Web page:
Photography and the city

From Tate Modern 10th floor , 3rd December 2018

Caroline Knowles (2018) explores how photography can play a unique role in understanding the complexity and dynamism of cities. She states that:

‘Photography is proving itself an invaluable tool in urban investigation and analysis as well as in campaigning arenas for global social justice. But there is scope to work in still more imaginative ways in bringing what is not seen before the public gaze in new and exciting grammars of images.’ (p.20)

In this post I want to explore how the role for photography envisaged by Knowles relates to my own work and, in particular, my proposed final major project. In her own fieldwork (as a sociologist) Knowles has used photographs as a way of exploring lived experience, for instance of homeless and marginalised people with schizophrenia. The relationship with the city evident in the images produced (in a collaboration between the researcher, a photographer and the participants) is very different from that expressed in words, and enables consideration of the ‘unspoken’ (and perhaps even the ‘unspeakable’). Producing, and discussing, images (for instance, in a form of photo-elicitation) enriches insight into the lives of the participants, and also creates the opportunity to consider what is not visible in the images. Images also enable aspects of the outcomes of the study to be communicated to, and engage, different audiences. Images can also provoke consideration of the relationship between the macro and the micro, and between different forms of practice and experience that fall within the frame. Images both invoke what is framed, whilst raising questions about the wider context within which they are produced. Relationships between people and with their environment can be explored through, for instance, environmental portraiture. Photographs also foreground the embodied nature of experience and activity, and entanglement and engagement with the city (and with each other) in both spatial and temporal trajectories.

Visual methods can work in consort with other forms of investigation and representation (ethnographic, statistical, cartographic, textual), bringing forward the kinaesthetic, contextual and sensual dimensions of experience. Knowles cautions, though, against banal and descriptive uses of images, either supplementing text or as the object of convoluted and obscuring narrative. Images ‘suggest other ways of thinking’ (p.17). Photography can enable us to slice through the city, and explore the tapestry of intersecting lives, activities and contexts. Knowles suggests a tactic of selecting a group, or category, of people and following members in their passage through the city. Or taking an object and following its pathway, or focussing on an event or a microcosm, or a part of a city that exemplifies a set of issues or a movement. These are different points of entry for investigation, which then give rise to sets of pragmatic, ethical and methodological decisions as the investigation unfolds. The point here is to preserve, and enhance, the distinctiveness of photographic image making as a supplement or a challenge to logocentric textual and statistical forms of enquiry.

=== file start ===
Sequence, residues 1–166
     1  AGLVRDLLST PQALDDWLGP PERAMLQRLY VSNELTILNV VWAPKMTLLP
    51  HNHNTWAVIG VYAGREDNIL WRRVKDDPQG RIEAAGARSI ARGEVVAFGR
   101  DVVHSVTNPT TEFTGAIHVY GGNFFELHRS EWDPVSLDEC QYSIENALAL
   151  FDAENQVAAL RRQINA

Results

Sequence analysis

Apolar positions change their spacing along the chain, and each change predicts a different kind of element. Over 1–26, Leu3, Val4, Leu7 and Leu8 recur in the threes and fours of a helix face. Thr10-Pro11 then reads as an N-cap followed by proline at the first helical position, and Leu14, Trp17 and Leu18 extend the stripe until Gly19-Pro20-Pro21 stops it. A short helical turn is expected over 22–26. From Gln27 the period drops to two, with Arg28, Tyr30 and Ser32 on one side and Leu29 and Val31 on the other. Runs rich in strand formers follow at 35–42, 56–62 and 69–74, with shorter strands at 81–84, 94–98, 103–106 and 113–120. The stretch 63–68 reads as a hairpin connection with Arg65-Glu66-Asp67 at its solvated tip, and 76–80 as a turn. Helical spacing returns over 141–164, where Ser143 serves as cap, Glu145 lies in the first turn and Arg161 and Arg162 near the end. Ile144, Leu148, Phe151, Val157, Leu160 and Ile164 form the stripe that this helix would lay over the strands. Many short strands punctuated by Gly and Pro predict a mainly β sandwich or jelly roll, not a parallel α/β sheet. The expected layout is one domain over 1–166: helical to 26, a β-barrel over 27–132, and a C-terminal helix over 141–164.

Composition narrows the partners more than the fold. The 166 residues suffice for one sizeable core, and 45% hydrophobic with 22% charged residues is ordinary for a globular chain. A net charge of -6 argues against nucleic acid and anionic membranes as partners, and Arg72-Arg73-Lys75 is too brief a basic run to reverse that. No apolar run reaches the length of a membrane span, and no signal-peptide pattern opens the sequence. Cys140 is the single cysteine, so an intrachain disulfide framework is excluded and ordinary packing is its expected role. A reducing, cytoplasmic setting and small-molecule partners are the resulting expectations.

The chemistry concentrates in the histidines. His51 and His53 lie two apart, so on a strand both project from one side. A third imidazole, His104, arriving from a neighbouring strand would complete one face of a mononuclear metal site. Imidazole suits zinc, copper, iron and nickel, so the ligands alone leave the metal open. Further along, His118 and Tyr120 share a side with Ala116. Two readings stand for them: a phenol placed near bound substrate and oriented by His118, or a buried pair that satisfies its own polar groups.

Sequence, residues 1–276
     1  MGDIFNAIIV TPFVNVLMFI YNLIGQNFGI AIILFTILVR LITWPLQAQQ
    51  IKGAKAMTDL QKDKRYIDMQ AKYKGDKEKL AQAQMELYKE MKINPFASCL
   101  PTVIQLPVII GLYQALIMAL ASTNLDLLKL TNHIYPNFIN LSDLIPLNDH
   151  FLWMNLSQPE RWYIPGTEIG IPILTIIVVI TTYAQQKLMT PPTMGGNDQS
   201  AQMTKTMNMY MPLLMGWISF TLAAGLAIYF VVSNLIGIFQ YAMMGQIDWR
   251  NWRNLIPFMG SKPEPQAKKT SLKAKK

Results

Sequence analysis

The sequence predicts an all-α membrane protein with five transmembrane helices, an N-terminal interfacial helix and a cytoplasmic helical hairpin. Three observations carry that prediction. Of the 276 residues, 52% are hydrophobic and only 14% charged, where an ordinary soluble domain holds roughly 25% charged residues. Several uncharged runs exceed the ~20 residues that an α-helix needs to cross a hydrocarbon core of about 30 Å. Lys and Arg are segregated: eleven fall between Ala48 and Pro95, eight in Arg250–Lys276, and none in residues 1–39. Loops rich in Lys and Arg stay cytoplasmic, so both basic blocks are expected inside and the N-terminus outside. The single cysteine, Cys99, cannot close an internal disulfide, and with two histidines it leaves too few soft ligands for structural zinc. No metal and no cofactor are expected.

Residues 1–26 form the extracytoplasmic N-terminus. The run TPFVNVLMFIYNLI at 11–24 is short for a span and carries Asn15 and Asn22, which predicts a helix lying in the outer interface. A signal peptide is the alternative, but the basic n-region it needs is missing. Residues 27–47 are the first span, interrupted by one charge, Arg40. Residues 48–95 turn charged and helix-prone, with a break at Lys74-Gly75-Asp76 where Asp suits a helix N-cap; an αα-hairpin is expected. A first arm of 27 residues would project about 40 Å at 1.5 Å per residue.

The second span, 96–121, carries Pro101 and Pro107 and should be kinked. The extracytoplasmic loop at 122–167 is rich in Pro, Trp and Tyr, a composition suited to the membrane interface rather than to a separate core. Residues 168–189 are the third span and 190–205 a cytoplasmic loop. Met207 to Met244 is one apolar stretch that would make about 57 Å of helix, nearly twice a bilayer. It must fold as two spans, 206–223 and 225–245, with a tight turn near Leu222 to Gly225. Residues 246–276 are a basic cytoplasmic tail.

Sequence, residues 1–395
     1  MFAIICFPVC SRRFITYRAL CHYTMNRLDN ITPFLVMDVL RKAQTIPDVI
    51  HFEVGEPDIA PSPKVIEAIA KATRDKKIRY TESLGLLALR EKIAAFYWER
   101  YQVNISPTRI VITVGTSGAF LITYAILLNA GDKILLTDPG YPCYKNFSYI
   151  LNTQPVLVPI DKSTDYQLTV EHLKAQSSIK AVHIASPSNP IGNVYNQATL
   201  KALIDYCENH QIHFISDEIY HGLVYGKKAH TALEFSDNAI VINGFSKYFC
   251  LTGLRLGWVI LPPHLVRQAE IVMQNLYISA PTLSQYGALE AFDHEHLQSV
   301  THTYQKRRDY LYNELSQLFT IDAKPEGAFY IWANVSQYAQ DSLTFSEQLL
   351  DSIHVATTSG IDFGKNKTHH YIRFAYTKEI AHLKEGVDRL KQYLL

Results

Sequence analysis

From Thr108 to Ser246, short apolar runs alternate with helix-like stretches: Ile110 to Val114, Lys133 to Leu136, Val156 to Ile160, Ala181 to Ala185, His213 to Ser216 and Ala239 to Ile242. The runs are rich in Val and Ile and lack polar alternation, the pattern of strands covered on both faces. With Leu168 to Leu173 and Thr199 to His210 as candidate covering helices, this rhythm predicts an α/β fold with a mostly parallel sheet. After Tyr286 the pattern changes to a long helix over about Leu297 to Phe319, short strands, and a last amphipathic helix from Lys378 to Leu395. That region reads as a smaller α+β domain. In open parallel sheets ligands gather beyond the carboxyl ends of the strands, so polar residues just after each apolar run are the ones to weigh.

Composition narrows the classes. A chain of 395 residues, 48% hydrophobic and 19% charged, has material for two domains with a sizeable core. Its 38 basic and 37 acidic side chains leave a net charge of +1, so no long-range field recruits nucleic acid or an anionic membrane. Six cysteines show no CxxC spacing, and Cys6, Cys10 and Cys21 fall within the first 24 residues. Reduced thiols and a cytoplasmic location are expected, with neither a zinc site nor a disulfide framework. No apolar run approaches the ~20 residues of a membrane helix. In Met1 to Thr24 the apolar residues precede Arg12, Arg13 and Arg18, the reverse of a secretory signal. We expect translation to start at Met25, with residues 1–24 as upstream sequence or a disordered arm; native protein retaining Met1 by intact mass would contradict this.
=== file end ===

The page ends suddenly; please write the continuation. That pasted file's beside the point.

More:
My own study employs three levels of image making, which range across the uses of photography suggested by Knowles, from a form of elicitation (gaining insight into the lived experience and aspirations of residents) to an artistic response to environments and lifeworlds encountered. It is by necessity cross- or inter-disciplinary. As the recent meeting of the UKRI Loneliness and Social Isolation in Mental Health network made clear, the major challenge here is to create a new space for the production of new forms of knowledge, through new configurations of disciplines and approaches. As Barthes (1986) observes,

‘in order to do interdisciplinary work it is not enough to take a “subject” (a theme) and to arrange two or three sciences around it. Interdisciplinary study consists in creating a new object, which belongs to no one.’ (p.73)

This accentuates the need not just for integrity and rigour within a discipline (for instance, the visual arts), but the ability to build relationships and networks across disciplines, professions, communities and contexts.


Barthes, R. (1986), The Rustle of Language (trans. R. Howard). Oxford: Basil Blackwell.

Knowles, C. (2018). ‘Researching and Photographing Cities: Getting Started’ in S. Nichols & S.Dobson (Eds), Learning Cities: Multimodal Explorations and Placed Pedagogies, Springer: Singapore, pp. 9-22.